Centerplate CEO Desmond Hague resigned this morning, following outrage over footage that shows him kicking and choking a dog in a Vancouver elevator.
In the graphic video, captured on CCTV in July, Hague can be seen entering a residential elevator in the Hotel Georgia and proceeding to kick a one-year-old Doberman Pinscher named Sade several times as she cowers on the floor. He then yanks her leash so hard he lifts her off the ground.
Two weeks ago, the tape was sent by a hotel employee to the British Columbia office of the Society for the Prevention of Cruelty to Animals as well as to news outlets. The animal protection agency didn’t waste any time obtaining a warrant to locate the then-unidentified abuser and remove the dog from his care.
When his identity was uncovered, Hague’s company—which supplies catering to some of the largest sports stadiums and convention centers in North America—placed him on probation, ordered him to complete 1,000 hours of community service and donate $100,000 to establish The Sade Foundation, in honor of the dog he abused. Hague also released the following statement via his lawyer:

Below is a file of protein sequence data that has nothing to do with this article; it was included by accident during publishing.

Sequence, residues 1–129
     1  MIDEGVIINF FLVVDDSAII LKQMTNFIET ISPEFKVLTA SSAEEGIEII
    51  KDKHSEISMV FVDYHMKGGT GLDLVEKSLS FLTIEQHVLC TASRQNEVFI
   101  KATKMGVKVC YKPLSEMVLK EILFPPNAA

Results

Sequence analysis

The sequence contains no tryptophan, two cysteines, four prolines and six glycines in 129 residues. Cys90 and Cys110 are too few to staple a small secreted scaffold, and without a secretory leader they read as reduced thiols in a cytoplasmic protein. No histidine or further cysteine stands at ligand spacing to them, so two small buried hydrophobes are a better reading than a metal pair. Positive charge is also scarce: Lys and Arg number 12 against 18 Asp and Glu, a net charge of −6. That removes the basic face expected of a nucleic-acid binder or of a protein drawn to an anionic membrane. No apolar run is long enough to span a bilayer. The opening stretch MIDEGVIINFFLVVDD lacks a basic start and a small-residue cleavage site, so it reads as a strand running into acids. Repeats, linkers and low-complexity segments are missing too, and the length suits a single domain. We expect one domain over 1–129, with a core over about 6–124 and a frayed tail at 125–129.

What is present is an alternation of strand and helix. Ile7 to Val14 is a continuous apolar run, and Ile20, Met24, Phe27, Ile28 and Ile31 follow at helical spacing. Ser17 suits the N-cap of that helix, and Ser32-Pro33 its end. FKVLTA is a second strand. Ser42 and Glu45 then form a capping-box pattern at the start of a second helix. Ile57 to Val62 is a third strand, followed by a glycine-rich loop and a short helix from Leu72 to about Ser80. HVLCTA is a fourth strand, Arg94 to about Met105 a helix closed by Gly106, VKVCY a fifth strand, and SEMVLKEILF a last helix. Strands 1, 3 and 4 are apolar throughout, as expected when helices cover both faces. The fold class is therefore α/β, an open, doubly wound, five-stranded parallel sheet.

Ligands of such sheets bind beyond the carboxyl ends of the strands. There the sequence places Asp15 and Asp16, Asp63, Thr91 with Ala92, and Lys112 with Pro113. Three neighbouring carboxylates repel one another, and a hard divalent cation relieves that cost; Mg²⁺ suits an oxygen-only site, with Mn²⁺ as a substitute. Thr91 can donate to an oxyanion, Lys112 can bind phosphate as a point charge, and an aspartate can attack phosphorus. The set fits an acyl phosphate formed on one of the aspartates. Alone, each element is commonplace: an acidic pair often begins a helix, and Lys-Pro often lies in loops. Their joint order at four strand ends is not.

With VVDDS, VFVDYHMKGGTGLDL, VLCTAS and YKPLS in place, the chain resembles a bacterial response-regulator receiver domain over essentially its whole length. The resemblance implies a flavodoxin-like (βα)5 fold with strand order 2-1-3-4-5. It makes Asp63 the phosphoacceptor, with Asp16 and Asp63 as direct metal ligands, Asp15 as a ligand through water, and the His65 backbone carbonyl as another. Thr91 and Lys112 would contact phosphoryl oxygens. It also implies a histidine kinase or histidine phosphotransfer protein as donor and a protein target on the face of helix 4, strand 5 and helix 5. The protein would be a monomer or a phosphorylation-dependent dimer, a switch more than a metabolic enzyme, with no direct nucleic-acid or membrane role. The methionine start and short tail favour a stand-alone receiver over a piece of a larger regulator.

“I take full responsibility for my actions, this incident is completely and utterly out of character and I am ashamed and deeply embarrassed. Under the circumstances of the evening in question, a minor frustration with a friend’s pet caused me to lose control of my emotional response. Unfortunately, I acted inappropriately, and I am deeply sorry for that and am very grateful that no harm was caused to the animal. I have reached out to the SPCA and have personally apologized to the dog’s owner. At this time, I would like to extend my apology to my family, company and clients, as I understand that this has also reflected negatively on them.”
However, it wasn’t enough for animal lovers, who took to social media to call for a Centerplate boycott and gathered 189,000-signatures, asking for his removal from the company. In light of the negative press, Hague was made to resign.
Since the incident, Sade has been under the care of the BC SPCA and will remain with them while Crown Counsel decides whether to return her to Hague’s friend, her legal owner, or re-home her. In the meantime, the animal rescue group is recommending that criminal charges be brought against the CEO himself.
“She’s doing great,” BC SPCA spokesperson Lorie Chortyk tells Vocativ, adding that the case highlights the importance of reporting acts of violence against animals. “That’s how we find out, we rely on the public to be our eyes and ears to report when there is animal abuse or cruelty.”